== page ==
What to do if you have too many meetings

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Overwhelmed by meetings?

Sick of ‘getting stuck’ in meetings — emerging hours later and having your whole day derailed? 

If so, the latest episode of the Marketing Mentor Podcast is for you!

Of almost everyone I know, I’m one of the few who
loves meetings. It seems like with vague agendas, too many talkers, and people who don’t pay attention to the clock, meetings can go down the drain and take creatives’ spirits with them.

But as one of my clients (and fellow meeting fans) said, “A meeting can be a much more efficient and complete way to get your questions answered, instead of exchanging a bunch of emails back and forth.” 

The truth is, I love meetings. And I’m hopeful that you can too. I want everyone to get the good from meetings — connecting and learning something new — and leave the bad behind. And as always, I have quite a few suggestions on how to do that (with the language to go along with it)!

First, get some clarity. 

Have you ever actually looked at how many meetings you have — and if they’re working for you?

Take inventory of the different types of meetings you do:

  • Meetings with clients: progress meetings / project management / check-ins
  • Meetings with prospects
  • Networking meetings
  • Meetings with collaborators
  • Video meetings. Phone meetings. In-person meetings of different varieties.

Are some more important than others? Do they fill you up in different ways — financially, emotionally, socially, etc?

Which ones leave you feeling inspired? Energized? Informed?

Which ones invoke a sense of dread? (It’s an important emotion to pay attention to. Dread can be your body’s way of saying something isn’t working here, whether it’s the client, the format, or the feeling that your boundaries have been pushed.)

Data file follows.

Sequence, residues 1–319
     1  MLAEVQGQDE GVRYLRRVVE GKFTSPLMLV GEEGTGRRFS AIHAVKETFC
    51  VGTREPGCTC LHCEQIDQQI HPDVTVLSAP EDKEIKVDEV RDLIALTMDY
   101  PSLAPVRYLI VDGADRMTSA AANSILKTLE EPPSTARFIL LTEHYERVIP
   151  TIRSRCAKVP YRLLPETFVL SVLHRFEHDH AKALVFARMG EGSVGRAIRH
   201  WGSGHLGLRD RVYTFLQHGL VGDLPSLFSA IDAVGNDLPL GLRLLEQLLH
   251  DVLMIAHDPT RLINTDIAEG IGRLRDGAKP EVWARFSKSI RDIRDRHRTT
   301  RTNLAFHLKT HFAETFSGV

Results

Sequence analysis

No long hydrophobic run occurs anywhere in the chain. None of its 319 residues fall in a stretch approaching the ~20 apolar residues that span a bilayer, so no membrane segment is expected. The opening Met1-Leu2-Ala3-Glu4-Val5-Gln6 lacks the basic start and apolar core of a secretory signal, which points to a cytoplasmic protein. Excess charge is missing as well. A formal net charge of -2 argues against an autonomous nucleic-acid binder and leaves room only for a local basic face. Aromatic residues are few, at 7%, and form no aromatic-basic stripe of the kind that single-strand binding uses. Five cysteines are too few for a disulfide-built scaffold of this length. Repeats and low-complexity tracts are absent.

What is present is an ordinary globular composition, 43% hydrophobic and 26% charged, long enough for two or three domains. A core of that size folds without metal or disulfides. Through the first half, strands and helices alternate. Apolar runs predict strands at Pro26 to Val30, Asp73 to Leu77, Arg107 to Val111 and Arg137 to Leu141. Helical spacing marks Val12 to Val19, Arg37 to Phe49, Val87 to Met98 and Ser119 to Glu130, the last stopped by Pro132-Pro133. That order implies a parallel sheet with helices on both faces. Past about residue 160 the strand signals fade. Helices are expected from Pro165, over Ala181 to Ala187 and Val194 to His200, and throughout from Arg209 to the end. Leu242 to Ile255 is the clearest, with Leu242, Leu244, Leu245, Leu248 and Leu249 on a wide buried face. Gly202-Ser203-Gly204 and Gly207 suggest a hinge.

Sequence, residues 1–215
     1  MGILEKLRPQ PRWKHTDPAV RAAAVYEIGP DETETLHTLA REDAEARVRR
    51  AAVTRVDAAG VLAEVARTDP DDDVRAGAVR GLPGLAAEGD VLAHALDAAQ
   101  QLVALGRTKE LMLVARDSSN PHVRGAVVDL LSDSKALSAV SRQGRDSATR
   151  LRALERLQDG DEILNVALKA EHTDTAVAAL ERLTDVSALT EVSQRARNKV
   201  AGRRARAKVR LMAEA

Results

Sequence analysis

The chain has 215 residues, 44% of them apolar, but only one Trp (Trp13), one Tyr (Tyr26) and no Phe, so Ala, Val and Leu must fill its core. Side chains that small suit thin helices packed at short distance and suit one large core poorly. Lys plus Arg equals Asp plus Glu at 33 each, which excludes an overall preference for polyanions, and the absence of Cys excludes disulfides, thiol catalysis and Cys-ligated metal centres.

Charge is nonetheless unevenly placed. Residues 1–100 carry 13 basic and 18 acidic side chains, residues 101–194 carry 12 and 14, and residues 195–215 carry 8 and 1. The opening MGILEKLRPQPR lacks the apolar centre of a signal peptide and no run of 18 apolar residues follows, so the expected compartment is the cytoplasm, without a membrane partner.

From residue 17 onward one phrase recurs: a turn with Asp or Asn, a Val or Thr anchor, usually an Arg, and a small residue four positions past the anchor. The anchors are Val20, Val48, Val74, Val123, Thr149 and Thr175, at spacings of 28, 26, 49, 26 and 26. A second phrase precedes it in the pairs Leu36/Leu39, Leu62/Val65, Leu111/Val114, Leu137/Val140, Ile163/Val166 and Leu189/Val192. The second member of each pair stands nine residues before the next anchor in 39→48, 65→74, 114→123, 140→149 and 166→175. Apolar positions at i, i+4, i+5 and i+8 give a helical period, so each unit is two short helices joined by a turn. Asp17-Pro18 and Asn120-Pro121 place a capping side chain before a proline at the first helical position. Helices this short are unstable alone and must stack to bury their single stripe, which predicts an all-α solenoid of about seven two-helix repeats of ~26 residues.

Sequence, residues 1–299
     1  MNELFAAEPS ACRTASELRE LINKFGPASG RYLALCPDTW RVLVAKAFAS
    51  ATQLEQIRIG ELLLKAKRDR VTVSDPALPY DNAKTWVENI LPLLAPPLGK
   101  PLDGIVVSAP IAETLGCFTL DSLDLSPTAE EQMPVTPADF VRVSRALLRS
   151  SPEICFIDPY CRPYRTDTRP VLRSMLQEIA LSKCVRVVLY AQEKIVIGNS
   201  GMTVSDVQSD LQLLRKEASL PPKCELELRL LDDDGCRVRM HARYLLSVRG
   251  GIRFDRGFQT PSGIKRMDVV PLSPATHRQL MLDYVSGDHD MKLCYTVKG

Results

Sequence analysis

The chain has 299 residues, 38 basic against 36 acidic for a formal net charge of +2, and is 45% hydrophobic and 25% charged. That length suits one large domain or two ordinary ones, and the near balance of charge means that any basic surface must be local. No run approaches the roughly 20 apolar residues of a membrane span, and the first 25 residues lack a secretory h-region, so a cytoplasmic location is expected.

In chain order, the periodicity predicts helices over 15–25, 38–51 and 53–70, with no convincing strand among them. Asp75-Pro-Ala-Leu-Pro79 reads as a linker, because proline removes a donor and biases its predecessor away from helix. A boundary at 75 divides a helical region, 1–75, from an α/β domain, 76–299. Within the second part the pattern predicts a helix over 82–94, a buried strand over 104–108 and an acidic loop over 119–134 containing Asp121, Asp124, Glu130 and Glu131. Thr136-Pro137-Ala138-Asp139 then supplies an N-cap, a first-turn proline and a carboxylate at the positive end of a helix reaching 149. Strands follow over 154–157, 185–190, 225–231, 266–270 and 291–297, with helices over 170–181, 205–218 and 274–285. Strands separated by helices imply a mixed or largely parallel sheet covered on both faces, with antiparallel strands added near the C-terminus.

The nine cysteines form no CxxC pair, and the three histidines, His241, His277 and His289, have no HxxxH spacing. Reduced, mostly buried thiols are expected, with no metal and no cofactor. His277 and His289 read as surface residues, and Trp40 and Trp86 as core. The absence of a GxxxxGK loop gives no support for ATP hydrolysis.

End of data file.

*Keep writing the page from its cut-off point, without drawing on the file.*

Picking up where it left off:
Tune into what’s not working:

  • Is it the person, the format, the time of day? 
  • Do clients show up unprepared or while they’re still hashing things out?
  • Do agendas and schedules fall to the wayside?
  • Or is it just your precious time being overburdened or wasted?

Since you are in charge of what meetings you take (and you are!), consider:

What is necessary? What is desired? What meetings are worth it to you? (Worth is determined by a number of factors beyond just money.)

We are humans … sometimes it’s nice to talk. But not if our schedules are maxed to the brim, we’re overworked, overtired, or we haven’t had time to eat or take care of ourselves.  

Just because someone asks for a meeting, you don’t have to say yes.

Why? Because it’s your business and you are in charge; you get to be selective!

Whether your “workload doesn’t allow it,” or you’re trying to be “especially mindful” of what you commit to, saying no is always a viable option. 

Try this:

"Thank you for the invitation, but unfortunately, I have other pressing commitments this week. If there are any critical points or updates, please feel free to share them with me via email after the meeting."


“My week is booked — can you send me the request via email and I’ll let you know if I have any questions?” 


"Our web designer has the necessary expertise, so I'll let them take care of this. I'm confident they'll handle it effectively."

And just because you do decide to have a meeting, it doesn’t mean it’s a free-for-all.

Back before I got fired from my second job, 36 years ago, I used to have to go to meetings I wasn’t in charge of. Maybe you also worked for someone else previously, and you were a captive meeting-attendee, too. But now — we are the bosses, y’all! It’s your business and you get to decide. (Yes, even if your client is paying you tons of money!) So, don’t respond right away. Take a minute to think. If this meeting is necessary and something you want to say yes to, consider the parameters that will work. This can look like whatever you want!